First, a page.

Richard Feinberg

 Department of Anthropology

Kent State University

My research is in sociocultural anthropology, with a major ethnographic focus on Polynesian "outliers" in the Solomon Islands and Papua New Guinea.  In addition, I have worked with Native Americans and on problems related to American culture.  Areas of theoretical interest include: symbolic anthropology, kinship and social organization, indigenous seafaring and navigation, oral traditions, cultural politics and economic and political development.

Link to Professional CV

 Professional Associations

I am currently President of the Central States Anthropological Society and chair-elect of the Association for Social Anthropology in Oceania. In addition, I am a member of the American Anthropological Association, the Society for Cultural Anthropology, and the Polynesian Society.

Major Publications

Anuta: Social Structure of a Polynesian Island.  La'ie and Copenhagen: Institute for Polynesian Studies and the National Museum of Denmark.  1981. 

Polynesian Seafaring and Navigation: Ocean Travel in Anutan Culture and Society.  Kent,  Ohio: Kent State University Press. 1988.

Politics of Culture in the Pacific Islands (edited by R. Feinberg and L. Zimmer-Tamakoshi). Ethnology
34(2-3):89-209.  Special Issue. 1995.

Seafaring in the Contemporary Pacific Islands, edited by R. Feinberg.  DeKalb, Illinois.  Northern Illinois University Press.  1995.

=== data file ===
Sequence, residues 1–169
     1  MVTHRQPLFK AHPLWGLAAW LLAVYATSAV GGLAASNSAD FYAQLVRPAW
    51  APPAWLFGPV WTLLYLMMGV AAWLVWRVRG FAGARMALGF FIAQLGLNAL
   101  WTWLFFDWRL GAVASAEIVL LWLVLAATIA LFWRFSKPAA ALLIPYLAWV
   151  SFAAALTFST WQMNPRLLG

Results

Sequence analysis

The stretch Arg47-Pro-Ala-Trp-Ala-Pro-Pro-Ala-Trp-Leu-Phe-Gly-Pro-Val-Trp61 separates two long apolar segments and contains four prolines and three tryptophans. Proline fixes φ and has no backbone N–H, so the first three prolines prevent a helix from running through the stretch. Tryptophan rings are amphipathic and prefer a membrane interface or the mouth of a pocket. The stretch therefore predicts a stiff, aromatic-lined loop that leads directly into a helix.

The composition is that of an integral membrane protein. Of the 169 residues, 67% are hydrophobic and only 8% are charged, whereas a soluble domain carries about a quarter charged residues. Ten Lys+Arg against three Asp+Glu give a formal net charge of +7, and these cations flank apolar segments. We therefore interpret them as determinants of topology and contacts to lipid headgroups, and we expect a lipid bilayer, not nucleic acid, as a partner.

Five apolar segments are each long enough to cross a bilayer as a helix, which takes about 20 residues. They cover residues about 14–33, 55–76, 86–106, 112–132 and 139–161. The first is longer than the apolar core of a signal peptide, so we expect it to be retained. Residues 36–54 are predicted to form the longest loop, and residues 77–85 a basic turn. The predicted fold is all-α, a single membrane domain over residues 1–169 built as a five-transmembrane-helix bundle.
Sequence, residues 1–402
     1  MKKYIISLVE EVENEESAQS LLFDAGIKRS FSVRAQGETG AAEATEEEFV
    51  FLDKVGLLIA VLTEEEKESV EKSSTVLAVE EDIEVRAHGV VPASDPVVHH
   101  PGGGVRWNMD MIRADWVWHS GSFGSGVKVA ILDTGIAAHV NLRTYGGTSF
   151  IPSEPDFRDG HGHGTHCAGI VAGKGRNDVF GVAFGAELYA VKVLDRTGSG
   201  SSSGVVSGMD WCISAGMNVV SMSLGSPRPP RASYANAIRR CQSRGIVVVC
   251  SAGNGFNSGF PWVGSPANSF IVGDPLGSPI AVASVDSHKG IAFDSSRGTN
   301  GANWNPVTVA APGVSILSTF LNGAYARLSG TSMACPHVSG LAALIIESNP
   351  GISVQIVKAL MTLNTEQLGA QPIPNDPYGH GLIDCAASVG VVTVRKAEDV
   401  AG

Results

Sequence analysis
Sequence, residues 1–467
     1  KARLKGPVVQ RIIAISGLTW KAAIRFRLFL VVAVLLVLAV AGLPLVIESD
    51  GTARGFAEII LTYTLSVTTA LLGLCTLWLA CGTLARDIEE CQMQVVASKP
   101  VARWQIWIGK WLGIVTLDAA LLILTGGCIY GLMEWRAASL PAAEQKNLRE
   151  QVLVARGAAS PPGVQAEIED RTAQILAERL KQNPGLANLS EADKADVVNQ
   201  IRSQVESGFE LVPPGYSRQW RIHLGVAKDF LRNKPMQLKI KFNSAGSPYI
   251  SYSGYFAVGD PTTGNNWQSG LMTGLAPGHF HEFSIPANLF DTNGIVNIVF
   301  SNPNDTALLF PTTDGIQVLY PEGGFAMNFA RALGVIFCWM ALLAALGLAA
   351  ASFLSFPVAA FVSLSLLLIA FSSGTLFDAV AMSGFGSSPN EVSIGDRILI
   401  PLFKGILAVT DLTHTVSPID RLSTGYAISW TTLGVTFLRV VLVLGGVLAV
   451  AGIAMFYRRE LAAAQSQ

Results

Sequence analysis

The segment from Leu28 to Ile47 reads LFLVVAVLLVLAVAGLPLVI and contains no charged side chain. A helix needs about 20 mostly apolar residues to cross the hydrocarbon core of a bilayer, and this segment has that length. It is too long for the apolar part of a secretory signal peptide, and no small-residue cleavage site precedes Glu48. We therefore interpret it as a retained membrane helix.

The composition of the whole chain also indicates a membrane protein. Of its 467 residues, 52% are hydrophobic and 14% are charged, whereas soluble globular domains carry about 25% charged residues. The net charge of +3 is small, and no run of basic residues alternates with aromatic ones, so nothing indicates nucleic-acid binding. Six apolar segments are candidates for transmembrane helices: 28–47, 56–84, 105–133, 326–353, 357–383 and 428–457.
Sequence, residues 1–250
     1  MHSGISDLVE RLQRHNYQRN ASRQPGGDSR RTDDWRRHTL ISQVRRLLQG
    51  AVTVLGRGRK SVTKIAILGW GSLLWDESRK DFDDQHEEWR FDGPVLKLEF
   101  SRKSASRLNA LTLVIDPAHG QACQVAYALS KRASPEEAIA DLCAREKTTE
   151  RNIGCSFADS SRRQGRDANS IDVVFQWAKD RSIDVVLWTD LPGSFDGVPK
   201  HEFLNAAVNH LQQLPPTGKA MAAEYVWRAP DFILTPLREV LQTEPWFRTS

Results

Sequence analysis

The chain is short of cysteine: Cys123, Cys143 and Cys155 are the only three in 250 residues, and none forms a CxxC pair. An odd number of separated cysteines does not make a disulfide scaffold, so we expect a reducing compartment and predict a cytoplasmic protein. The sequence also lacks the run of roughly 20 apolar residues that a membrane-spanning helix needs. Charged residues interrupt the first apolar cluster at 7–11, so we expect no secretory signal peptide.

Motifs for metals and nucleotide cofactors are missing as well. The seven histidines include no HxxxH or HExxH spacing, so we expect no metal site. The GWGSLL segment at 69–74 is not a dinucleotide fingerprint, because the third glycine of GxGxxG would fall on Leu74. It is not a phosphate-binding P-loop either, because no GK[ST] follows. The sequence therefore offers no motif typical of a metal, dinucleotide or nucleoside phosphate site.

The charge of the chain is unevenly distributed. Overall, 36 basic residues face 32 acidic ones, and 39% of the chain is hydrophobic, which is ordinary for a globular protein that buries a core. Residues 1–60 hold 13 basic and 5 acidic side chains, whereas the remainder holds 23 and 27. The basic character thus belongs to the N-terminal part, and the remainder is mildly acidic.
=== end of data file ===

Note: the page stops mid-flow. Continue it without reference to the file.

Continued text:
Leadership and Change in the Western Pacific: Essays in Honor of Sir Raymond Firth, edited by R. Feinberg and K. A. Watson-Gegeo.  London School of Economics Monographs on Social Anthropology, Number 66.  London: Athlone Press.  1996.

Oral Traditions of Anuta: A Polynesian Outlier in the Solomon Islands.  Oxford Studies in Anthropological Linguistics, Volume 15.  New York and Oxford: Oxford University Press.  1998.

 The Cultural Analysis of Kinship: The Legacy of David M. Schneider, edited by R. Feinberg and M. Ottenheimer.  Urbana: University of Illinois Press.   2001

Oceania: An Introduction to the Cultures and Identities of Pacific Islanders, by Andrew J. Strathern, Pamela Stewart, Laurence M. Carucci, Lin Poyer, Richard Feinberg, and Cluny Macpherson. Durham, NC: Carolina Academic Press. 2002

Anuta: Polynesian Lifeways for the 21st Century. Prospect Heights, IL: Waveland Press. 2004

Course Syllabi

Problems in Cultural Anthropology 68230

Feinberg with chiefs from Anuta, a Polynesian community in the Solomon Islands.  Photographed in Honiara.  1973.
Five-year-old Vakangoto on Anuta.  Her name means 'Sunken canoe' commemorating a canoe that sank on a voyage to Patutaka in the year of her birth.  Photo taken in 1972. 

Pu Avatere from Anuta Island preparing traditional food in Honiara, the Solomon Islands capital.  Photo taken in 1993.

Outrigger canoe on Anutan beach.  Photographed in 1972.

Anutans performing taki dance in White River, outside of Honiara.  Photo taken in 1993.